Page images

that in Cheever v. Wilson, 9 Wall. 108, 19 L. Ed. 604, the court held the rule to be applicable to the courts of the District of Columbia.

[4] It is contended that the purchase of the corporate stock by the appellants was not in violation of the law of Nevada. Section 68 of the Corporation Act of Nevada (Rev. Laws 1912, § 1169) provides that it shall not be lawful for the trustees or directors

"to divide or withdraw, or in any way pay to the stockholders, or any of them, any part of the capital stock of the company, nor to reduce the capital stock unless in the manner prescribed in this act, or in accordance with the provisions of the certificate or articles of incorporation, and in case of any violation of this section, the directors or trustees under whose administration the same may have happened * * * shall in their individual and private capacities, be jointly and severally liable to the corporation, and [to] the creditors thereof, to the full amount so divided, withdrawn, or reduced, or paid out."

To pay to the stockholders the par value of their capital stock, as the court below found that the appellants did in exchange for the certificates of stock, is prohibited by the act when the payment is made out of the capital of the corporation and not out of its surplus. While it may not be said that the act prohibits the purchase of the shares of its stock by a corporation, it does prohibit the payment of any part of the capital for that purpose. A similar statute of the state of New York was under consideration in In re Castle Braid Co. (D. C.) 145 Fed. 224. The court held that the law did not broadly forbid the purchase by the corporation of its shares of stock held by its directors, and that such purchase was permissible if the transaction was fair and honest, and in the interest of the corporation and not of the selling directors. The court said of the statute:

"By implication it may forbid the purchase of any property of any description from the stockholders, and the payment therefor from the capital of the corporation; that is, from any funds except the surplus."

So in In re Tichenor-Grand Co. (D. C.) 203 Fed. 720, it was held that the New York statute, which prohibits a corporation from purchasing its own stock except out of the surplus, renders invalid a contract by a corporation with a subscriber to its stock, where the stock is issued and paid for, to repurchase the same after a stated time on notice of the subscriber's election. Other cases in point are Coleman v. Tepel, 230 Fed. 63, 144 C. C. A. 361; Hamor v. Taylor-Rice Engineering Co. (C. C.) 84 Fed. 392; Md. Trust Co. v. Mechanics Bank, 102 Md. 608, 63 Atl. 70; Tait v. Pigott, 32 Wash. 344, 73 Pac. 364; Tait v. Pigott, 38 Wash. 59, 80 Pac. 172; Martin v. Zellerbach, 38 Cal. 309, 99 Am. Dec. 365.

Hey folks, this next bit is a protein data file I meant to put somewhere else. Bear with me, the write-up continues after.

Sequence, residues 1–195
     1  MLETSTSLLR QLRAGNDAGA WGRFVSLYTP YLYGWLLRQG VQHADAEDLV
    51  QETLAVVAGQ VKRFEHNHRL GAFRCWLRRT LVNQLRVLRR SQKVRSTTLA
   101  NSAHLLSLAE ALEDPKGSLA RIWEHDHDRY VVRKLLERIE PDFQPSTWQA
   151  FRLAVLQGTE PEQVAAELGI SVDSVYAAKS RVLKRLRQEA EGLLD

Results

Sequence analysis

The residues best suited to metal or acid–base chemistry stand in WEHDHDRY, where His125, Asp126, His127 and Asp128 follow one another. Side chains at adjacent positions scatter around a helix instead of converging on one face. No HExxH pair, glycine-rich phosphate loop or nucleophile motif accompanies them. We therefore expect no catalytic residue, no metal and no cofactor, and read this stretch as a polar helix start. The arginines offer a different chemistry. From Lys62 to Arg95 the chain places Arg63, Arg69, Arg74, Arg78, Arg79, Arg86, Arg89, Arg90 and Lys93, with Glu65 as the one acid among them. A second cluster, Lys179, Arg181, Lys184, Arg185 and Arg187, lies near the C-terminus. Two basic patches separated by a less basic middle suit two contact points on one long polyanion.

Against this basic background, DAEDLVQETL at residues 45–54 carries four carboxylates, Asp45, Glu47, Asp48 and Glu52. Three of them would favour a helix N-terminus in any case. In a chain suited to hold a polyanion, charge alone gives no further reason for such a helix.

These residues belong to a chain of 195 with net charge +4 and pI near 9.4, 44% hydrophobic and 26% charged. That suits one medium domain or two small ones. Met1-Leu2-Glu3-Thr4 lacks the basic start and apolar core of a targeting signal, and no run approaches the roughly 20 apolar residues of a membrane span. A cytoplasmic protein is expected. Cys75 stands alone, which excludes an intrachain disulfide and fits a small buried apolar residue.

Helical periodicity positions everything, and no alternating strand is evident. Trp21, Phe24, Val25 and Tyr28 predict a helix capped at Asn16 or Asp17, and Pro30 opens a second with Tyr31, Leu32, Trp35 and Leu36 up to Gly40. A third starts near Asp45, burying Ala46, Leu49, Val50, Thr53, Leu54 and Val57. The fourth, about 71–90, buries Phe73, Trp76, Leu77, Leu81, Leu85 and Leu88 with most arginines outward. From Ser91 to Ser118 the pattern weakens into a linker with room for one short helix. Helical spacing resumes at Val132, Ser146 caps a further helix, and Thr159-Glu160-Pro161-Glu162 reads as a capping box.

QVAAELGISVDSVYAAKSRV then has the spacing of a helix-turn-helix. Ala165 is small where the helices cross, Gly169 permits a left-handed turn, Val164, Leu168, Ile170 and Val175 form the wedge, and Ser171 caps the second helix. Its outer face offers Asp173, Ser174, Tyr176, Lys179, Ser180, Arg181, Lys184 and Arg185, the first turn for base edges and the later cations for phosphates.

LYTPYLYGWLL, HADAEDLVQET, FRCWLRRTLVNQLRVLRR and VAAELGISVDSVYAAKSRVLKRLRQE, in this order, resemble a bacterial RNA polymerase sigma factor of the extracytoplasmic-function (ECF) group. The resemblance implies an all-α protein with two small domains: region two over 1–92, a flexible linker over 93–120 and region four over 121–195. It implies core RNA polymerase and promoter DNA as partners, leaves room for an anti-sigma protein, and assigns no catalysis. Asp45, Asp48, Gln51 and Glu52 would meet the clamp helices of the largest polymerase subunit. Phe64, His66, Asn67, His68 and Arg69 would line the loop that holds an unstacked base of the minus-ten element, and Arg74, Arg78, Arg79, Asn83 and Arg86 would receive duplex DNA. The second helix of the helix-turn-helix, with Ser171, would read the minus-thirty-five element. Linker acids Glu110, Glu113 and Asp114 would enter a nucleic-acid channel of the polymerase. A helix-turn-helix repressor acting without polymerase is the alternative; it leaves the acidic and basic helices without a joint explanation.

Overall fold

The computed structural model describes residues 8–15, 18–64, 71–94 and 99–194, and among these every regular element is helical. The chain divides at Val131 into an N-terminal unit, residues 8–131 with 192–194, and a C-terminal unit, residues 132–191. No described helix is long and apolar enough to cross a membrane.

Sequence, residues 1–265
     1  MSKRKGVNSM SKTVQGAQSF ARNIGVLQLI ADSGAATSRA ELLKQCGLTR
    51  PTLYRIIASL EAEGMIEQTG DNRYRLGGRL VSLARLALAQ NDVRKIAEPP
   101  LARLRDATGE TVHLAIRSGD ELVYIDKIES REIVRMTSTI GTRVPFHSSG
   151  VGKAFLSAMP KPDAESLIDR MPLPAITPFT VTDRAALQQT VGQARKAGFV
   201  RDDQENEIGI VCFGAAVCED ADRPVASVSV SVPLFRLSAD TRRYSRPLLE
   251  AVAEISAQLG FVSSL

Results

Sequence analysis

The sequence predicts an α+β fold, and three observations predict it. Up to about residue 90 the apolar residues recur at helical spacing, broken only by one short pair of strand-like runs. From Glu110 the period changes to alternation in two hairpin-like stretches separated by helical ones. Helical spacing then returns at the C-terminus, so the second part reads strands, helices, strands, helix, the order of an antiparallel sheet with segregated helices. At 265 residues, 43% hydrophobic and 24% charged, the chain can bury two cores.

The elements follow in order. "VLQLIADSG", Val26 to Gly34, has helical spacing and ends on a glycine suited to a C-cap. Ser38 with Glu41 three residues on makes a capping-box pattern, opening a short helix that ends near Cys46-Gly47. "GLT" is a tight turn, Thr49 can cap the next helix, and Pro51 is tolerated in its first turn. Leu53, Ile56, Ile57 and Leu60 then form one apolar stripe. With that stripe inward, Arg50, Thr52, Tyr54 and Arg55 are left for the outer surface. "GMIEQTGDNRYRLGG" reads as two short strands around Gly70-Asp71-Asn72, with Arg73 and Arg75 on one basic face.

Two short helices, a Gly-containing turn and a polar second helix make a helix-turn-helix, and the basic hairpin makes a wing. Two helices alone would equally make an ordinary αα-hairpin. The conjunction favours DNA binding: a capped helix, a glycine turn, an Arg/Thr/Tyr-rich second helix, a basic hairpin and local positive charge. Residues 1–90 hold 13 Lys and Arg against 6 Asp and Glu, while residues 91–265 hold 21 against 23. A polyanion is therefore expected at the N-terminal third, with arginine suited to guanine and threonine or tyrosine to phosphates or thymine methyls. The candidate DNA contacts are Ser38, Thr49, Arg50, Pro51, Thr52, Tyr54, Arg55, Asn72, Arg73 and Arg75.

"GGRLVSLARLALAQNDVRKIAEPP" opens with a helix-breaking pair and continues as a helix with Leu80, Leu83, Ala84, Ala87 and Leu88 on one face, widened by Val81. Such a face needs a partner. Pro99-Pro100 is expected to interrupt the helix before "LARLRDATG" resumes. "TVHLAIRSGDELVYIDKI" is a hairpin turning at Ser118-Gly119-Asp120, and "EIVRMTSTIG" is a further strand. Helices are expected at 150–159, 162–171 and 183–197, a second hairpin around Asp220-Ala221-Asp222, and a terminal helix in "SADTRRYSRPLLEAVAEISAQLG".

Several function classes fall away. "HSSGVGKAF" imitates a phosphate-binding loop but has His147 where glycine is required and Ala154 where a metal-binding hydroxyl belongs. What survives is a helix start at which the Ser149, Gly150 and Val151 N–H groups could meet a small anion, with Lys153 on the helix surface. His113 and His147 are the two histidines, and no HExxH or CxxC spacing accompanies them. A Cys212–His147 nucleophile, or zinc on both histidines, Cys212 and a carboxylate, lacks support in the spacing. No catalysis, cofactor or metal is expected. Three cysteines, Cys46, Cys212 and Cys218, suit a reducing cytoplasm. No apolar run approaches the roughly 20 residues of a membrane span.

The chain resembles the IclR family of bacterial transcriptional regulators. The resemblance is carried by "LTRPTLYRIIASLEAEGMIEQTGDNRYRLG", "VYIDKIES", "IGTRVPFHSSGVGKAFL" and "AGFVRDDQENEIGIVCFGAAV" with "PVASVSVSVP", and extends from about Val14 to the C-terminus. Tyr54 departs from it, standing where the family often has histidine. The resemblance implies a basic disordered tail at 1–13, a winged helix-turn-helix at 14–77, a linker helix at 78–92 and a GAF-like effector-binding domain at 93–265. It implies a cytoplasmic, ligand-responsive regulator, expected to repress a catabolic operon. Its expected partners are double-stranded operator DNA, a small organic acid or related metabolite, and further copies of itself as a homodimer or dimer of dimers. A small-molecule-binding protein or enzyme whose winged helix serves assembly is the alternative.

[5] The contention that the purchase of the stock was without the knowledge and against the instructions of the directors cannot be sustained. There was conflict in the testimony, and the court below found the facts against the appellants. The court in so finding was largely influenced by the fact that at each monthly meeting of the directors a statement of the financial condition of the corporation was presented and considered, and the fact that the records show that the directors expressly authorized in some instances the purchases of the stock, and that in other instances they approved purchases that had been made.

The whole tendency of the testimony is to show that the directors had knowledge of all the stock transactions.

[6] The appellants contend that the appellee cannot recover in this suit funds to pay creditors who were not such at the time when the dividend was declared and the stock was purchased, and cite cases such as Atlanta & Walworth B. & C. Ass'n v. Smith, 141 Wis. 377, 123 N. W. 106, 32 L. R. A. (N. S.) 137, 135 Am. St. Rep. 42. In that case it was held that the trust fund doctrine, that under all circumstances assets of a corporation constitute a trust fund for creditors, does not prevail in Wisconsin, and that as a general rule, unless plainly prohibited by statute, or its organic act, a corporation may buy its own stock, using its assets therefor, so long as it acts in good faith, pursuant to authorization of its governing body, and that this is true both as to past and future creditors. But in the case at bar the acts of the directors, as we have seen, were prohibted by statute, and were not performed in good faith. In Cook on Corporations (6th Ed.) § 548, it is said:

"Hence the rule has been firmly established that, where dividends are paid in whole or in part out of the capital stock, corporate creditors, being such when the dividend was declared, or becoming such at any subsequent time, may, to the extent of their claims, if such claims are not otherwise paid, compel the stockholders to whom the dividend has been paid to refund whatever portion of the dividend was taken out of the capital stock."

In Coleman v. Tepel, 230 Fed. 63, 144 C. C. A. 361, it was held that where a corporation was rendered insolvent by purchasing its own stock, and giving a mortgage for the indebtedness thereby created, the transaction was void as to subsequent, as well as to prior, creditors, although there was no fraudulent intent. The court said: